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Heavy flooding, landslides kill 35 in southern India

October 17, 2021

Heavy rains have triggered flooding and landslides that swept through towns in the Indian state of Kerala. The National Disaster Response Force and the Indian army have been deployed to assist with rescue efforts.

Rescue workers carry the body of a victim in the Idukkio district in Kerala, India, on Sunday
Several children are still missing following the floodsImage: REUTERS

Heavy flooding and landslides in the southern Indian state of Kerala have left at least 35 people dead, disaster management officials said on Monday.

Twenty-two of them died in two landslides in the Kottayam and Idukki districts, which swept away several homes and buried others in mud and debris after heavy rains on Saturday. 

A dozen people, mostly children, are still missing. The body of a seven-year-old child was pulled out of the rubble at the landslide site in Kottayam late Sunday, local newspaper Malayalam Manorama reported.

P.K. Jayasree, a top government official in Kottayam district, said that almost half of the casualties were from a single-family. "One family completely lost six members," he said.

Meanwhile, dramatic visuals on local television showed a two-story house falling into a river. Roads and bridges were also destroyed while trees were uprooted. Several dams were additionally reported to be filled up to dangerous levels.

Army deployed to help

The flooding was caused by torrential rains which began on Saturday.

The rains have swept through towns and submerged vehicles in the southern Indian state, with the Indian government deploying the National Disaster Response Force and army to assist with rescue efforts.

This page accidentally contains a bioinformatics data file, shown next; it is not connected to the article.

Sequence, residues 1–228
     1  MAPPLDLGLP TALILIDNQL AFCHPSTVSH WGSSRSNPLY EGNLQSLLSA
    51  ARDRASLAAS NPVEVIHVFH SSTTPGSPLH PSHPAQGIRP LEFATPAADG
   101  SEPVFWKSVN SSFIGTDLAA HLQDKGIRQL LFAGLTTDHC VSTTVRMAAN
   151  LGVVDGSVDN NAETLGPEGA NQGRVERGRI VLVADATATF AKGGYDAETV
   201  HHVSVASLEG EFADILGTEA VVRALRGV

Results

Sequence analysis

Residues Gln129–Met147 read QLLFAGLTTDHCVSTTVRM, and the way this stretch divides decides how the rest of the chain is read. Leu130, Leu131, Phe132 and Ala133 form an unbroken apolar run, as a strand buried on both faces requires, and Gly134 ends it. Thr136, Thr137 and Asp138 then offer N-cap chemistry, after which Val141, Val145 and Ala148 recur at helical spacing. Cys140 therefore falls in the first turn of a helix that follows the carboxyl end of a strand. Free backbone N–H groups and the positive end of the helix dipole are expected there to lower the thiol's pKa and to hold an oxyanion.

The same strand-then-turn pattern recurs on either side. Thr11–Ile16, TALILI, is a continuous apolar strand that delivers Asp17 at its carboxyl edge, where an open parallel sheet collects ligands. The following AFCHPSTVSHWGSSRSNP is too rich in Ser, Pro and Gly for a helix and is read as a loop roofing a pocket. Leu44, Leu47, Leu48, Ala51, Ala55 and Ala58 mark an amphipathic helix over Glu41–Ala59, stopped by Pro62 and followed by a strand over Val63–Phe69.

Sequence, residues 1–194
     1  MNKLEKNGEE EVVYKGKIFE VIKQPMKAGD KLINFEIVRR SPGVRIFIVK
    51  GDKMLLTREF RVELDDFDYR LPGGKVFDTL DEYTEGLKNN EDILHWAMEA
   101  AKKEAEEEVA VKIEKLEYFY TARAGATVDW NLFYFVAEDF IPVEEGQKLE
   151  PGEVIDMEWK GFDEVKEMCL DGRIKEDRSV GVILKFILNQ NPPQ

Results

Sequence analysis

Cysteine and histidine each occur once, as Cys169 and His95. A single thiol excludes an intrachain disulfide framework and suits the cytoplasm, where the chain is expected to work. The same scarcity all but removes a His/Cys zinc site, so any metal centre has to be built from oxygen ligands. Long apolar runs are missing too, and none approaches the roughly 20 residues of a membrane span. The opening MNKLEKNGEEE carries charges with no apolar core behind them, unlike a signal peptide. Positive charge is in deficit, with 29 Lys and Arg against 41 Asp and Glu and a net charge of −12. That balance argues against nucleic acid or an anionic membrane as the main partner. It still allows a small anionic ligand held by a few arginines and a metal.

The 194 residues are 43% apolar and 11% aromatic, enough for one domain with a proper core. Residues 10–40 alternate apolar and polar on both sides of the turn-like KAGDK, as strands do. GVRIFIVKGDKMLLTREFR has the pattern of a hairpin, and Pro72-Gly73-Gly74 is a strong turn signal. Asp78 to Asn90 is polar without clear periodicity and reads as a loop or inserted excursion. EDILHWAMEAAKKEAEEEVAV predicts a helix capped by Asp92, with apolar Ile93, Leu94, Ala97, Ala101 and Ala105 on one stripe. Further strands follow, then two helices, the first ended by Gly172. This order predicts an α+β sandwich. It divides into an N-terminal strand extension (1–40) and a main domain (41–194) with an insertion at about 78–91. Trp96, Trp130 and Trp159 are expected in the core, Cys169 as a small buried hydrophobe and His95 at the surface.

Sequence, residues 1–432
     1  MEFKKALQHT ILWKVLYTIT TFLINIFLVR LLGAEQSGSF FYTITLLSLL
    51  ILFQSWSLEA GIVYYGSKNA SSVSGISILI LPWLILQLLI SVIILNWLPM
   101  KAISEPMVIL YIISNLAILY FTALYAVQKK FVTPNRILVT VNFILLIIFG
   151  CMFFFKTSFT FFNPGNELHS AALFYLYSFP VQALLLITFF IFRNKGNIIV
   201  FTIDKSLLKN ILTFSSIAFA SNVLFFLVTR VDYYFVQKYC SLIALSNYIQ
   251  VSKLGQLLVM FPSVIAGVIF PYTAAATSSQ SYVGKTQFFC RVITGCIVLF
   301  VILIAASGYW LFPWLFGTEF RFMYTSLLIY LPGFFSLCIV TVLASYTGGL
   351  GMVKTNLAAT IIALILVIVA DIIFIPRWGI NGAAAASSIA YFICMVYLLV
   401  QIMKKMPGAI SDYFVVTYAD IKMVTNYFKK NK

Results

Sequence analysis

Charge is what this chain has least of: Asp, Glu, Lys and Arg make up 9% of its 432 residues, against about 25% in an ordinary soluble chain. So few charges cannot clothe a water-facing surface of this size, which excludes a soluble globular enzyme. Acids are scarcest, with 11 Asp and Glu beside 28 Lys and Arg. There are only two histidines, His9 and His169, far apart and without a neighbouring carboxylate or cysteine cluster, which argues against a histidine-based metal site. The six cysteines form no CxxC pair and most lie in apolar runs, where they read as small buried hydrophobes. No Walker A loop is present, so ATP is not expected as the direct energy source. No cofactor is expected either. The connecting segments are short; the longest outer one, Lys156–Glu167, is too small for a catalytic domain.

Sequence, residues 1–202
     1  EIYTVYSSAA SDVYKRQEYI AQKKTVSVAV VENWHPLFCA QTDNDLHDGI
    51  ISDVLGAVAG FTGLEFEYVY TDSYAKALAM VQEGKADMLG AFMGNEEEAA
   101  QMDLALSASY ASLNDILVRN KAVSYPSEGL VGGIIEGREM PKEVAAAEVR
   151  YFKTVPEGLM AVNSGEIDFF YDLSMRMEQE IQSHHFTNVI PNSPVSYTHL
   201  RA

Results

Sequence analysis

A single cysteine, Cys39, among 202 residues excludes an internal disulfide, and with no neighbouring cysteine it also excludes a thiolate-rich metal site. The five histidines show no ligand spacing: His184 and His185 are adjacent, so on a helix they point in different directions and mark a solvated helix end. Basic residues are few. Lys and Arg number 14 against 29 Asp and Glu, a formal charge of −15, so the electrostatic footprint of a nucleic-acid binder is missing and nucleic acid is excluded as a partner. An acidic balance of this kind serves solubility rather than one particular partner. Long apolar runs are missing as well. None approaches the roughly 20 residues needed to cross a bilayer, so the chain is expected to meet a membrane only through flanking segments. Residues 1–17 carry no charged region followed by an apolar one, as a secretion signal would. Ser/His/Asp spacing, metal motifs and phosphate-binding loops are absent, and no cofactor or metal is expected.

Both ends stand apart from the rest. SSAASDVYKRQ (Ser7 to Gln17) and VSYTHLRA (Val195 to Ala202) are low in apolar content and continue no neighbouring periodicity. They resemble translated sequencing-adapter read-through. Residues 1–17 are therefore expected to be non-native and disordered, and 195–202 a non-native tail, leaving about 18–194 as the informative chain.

Federal Home Minister Amit Shah tweeted that the central government is "continuously monitoring the situation in parts of Kerala" and "will provide all possible support to help people in need."

Indian Prime Minister Narendra Modi called it "saddening that some people have lost their lives due to heavy rains and landslides in Kerala."

He expressed his condolences to families who have lost loved ones in the catastrophe.  

map of Kerala, India

Kerala chief minister urges caution

The off-season torrential rains are the result of a low-pressure system over the Arabian Sea. The heavy downpour has subsided, but Kerala Chief Minister Pinarayi Vijayan has urged residents to exercise extreme caution. 

Vijayan said 100 relief camps have been set up to help residents affected by the disaster. The camps have been directed to adhere to coronavirus-related protocols, with water, sanitizers, masks and other supplies being made available to those in need. 

The Meteorological Department has warned of at least three days of heavy rainfall from Wednesday, raising fears of further flooding. 

Kerala has been affected by massive flooding in recent years. In 2018, inundation during the monsoon season left 223 people dead and drove hundreds of thousands of people from their homes. 

lc, wd/nm (AP, dpa, Reuters)